Inuit groups are declaring victory and Arctic experts are warning that Canada's approach to the North will have to change after remarks by U.S. Secretary of State Hillary Clinton.
"I can only express my support for her comments and her views," said Duane Smith, head of the Canadian branch of the Inuit Circumpolar Council.
Whitney Lackenbauer, a University of Waterloo historian and Arctic expert, agreed.
"The clear message from Hillary Clinton is, 'You need to recognize that this Arctic is not just the private sea of the five coastal states.'"
On Monday, Canada was host to a meeting of the United States, Norway, Russia and Denmark to discuss Arctic issues that included boundary disputes and search-and-rescue capabilities.
However, Iceland, Finland and Sweden were not invited — even though they are members of the Arctic Council, a long-standing group that Canada helped create specifically for such issues. Aboriginal groups who also have a place at the Arctic Council were not invited either.
Foreign Affairs Minister Lawrence Cannon said he thought all the participants made a clear distinction about the role of the Arctic Council and the responsibilities of Arctic coastal states. He said the meeting was not meant to undermine the council.
But all three non-invitees publicly complained about the snub, as did the Inuit. And Clinton backed them up.
"Significant international discussions on Arctic issues should include those who have legitimate interests in the region," she said Monday.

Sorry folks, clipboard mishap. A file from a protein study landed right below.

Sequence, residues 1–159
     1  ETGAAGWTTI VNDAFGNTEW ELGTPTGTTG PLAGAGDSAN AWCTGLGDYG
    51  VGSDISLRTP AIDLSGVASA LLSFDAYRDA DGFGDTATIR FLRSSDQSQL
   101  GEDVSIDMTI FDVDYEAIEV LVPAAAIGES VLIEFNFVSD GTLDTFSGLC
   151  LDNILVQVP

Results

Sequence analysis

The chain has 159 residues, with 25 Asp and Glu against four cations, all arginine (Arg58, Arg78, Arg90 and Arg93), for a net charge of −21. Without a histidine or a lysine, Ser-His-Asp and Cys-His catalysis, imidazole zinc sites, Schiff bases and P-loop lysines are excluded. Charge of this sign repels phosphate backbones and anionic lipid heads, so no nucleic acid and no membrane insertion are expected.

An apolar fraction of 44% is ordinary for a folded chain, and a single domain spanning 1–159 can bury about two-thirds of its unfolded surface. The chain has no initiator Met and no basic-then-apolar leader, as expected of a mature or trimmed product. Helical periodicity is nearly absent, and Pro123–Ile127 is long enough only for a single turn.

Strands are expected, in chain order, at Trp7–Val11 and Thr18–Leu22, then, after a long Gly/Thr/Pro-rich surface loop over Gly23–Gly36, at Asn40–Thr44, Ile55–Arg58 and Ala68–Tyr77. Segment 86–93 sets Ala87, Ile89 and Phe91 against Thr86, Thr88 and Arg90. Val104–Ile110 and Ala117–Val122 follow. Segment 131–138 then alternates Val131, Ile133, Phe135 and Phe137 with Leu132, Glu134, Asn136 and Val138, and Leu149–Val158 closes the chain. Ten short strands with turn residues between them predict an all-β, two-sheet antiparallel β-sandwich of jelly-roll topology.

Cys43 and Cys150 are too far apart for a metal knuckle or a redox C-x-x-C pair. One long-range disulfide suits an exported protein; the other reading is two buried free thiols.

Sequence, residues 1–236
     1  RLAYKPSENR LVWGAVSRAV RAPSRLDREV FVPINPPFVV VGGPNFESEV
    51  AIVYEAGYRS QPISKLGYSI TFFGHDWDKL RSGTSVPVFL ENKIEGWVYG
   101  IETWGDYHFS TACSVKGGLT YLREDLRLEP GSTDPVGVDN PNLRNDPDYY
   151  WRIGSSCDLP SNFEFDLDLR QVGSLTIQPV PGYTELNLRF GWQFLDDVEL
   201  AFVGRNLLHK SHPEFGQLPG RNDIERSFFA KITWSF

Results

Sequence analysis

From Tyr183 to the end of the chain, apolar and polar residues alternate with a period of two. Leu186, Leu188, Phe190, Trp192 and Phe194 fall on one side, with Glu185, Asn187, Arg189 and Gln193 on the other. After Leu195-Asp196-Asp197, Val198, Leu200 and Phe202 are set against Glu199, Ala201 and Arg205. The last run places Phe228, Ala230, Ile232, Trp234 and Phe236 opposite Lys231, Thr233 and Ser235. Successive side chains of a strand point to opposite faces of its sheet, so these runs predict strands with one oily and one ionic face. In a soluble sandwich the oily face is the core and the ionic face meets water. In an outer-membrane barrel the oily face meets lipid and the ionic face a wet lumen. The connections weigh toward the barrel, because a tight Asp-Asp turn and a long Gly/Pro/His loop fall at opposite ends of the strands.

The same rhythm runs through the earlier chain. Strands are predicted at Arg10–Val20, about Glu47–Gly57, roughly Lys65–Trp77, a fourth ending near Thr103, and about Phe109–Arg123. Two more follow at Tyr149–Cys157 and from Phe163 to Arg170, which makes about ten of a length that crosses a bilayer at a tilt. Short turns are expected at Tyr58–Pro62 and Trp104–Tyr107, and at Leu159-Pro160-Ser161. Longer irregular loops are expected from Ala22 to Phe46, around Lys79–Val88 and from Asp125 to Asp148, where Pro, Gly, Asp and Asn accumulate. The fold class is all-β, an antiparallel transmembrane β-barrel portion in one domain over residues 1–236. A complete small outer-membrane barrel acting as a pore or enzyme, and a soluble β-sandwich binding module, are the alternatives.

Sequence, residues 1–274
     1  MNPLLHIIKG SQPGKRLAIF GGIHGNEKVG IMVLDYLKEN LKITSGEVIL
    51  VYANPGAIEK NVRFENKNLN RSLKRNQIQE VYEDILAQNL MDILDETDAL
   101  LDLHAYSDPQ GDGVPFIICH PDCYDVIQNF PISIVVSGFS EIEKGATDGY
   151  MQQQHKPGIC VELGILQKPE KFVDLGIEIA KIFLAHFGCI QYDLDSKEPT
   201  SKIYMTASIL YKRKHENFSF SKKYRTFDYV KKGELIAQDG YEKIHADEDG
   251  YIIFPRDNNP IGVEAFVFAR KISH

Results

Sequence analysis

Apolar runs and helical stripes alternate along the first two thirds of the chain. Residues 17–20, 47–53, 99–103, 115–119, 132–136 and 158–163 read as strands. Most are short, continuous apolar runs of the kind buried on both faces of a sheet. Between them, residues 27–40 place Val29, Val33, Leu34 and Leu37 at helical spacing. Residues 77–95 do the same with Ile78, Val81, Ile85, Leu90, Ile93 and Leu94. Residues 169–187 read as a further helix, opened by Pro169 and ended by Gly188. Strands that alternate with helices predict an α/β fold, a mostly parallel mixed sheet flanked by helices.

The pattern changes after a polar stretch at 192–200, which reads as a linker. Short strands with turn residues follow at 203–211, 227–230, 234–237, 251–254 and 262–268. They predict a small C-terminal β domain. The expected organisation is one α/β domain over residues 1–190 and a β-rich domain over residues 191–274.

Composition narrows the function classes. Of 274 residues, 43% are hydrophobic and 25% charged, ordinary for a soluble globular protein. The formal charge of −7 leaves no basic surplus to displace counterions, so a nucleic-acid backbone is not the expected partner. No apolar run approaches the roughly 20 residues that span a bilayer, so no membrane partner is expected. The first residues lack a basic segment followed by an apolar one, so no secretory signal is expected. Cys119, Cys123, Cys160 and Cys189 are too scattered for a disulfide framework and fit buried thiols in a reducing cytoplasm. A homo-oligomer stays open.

The so-called Arctic Five have met once before, in Greenland. But Clinton's blunt statement probably means the end of any get-togethers, said Rob Huebert of the University of Calgary Centre for Strategic and Defence Studies.
"I think that's effectively dead," Huebert said. "I can't see any other country running forward to make it work."
"This has thrown that particular dimension of (the Canadian government's) policy into an impossible position," said Michael Byers, a law professor from the University of British Columbia. "From now on, they have to include the other Arctic Council members and they also have to make sure there is indigenous representation."
Smith said Clinton's remarks mean others are watching to see if Canada's actions match its words.
"Others are taking into account how Canada is dealing with its Arctic and how it addresses the involvement of its local indigenous inhabitants," he said. "When they have any future meetings like this, I would hope our foreign affairs minister would involve local northern inhabitants."
South of the border, University of Vermont law professor Betsy Baker interpreted Clinton's remarks less harshly.
"It was more of a friendly reminder of the need to support the Arctic Council," Baker said.
She added that what Clinton said may have been less important than the fact she talked about the Arctic at all — a sign of the growing importance of the region to the U.S.
"To my knowledge, this is the first time she's made any comprehensive statements about the Arctic," said Baker, who has written extensively on Arctic law.
Clinton offers support
Canada now has an opening to increase American support for the council, suggested Huebert.
He said the U.S. has been careful to limit the council's mandate and budget. The council can only advise member states and isn't even allowed to discuss security, although that has become one of the biggest concerns in the Arctic.
"If Canada is smart, they'll take this as an excuse to strengthen the Arctic Council," Huebert said.
But at the very least, Arctic aboriginals have now been firmly placed on the diplomatic map, said Byers.
"Clinton is going to bat for indigenous people," he said. "This will be celebrated by indigenous people across the North."
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